MINNEAPOLIS (WCCO) — Minnesota is suing an Arizona drug maker.
The lawsuit accuses Insys Therapeutics of Arizona of aggressively pursuing doctors in Minnesota to get them to prescribe a powerful painkiller meant for cancer patients.
The drug Subsys is made with the opioid fentanyl. The FDA approved it to treat extreme pain in cancer patients, but as WCCO learned, the lawsuit alleges the drug maker targeted other patients and their doctors in an effort to make more money.
It is a form of fentanyl that is sprayed under the tongue so cancer patients can get relief from extreme pain.
The lawsuit describes how Insys executives gave their sales people orders to expand the market.
“It went out and it found physicians who were not oncologists, who were anesthesiologists or family doctors, to prescribe the drug to patients who did not have cancer,” said Minnesota Attorney General Lori Swanson.
And they were asked to prescribe the highly-addictive drug at doses much higher than approved by the FDA. Emails from company executives to the sales staff detail the pressure they put on them to get more doctors to write prescriptions for Subsys.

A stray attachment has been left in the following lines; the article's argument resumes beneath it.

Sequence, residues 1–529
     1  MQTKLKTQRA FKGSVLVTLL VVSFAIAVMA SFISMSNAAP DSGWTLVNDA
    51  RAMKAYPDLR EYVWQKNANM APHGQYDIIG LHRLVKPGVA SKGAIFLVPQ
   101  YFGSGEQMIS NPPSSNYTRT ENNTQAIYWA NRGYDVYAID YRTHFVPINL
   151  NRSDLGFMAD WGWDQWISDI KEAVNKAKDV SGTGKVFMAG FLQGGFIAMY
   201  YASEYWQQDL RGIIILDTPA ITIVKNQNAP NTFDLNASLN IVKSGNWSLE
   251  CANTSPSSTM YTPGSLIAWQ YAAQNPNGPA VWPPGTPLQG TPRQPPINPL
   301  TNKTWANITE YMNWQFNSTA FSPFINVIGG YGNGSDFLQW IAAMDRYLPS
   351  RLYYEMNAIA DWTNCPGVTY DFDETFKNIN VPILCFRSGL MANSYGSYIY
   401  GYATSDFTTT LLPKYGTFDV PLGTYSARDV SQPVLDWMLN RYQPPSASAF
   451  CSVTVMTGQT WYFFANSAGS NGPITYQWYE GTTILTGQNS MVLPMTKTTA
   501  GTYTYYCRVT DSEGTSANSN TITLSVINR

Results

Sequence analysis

“They are talking in such cavalier, crass ways about patients, calling patients ‘annuities,’ you know, saying you could ‘win big’ if you prescribe this drug, and it involves a highly-potent form of a very dangerous product, fentanyl,” Swanson said.
The investigation found 17 Minnesota doctors prescribed Subsys to patients, but it was two in particular who wrote the most prescriptions. The lawsuit claims Insys paid those two doctors nearly 43,000 in speaker fees.
“This company set up a speaker program here in Minnesota and around the country, which we allege is basically a sham speaker program,” Swanson said. “It was a way to get around these kind of laws and pay payments to doctors to incentivize them to prescribe this particular drug. They consistently began writing Subsys prescriptions within weeks of joining the speakers program and getting these payments.”
The two doctors who wrote the majority of the prescriptions for Subsys were not identified by the attorney general’s office, but she did say they have been referred to the Minnesota Medical Practices Board for disciplinary action.
There are nine other states that are also suing Insys.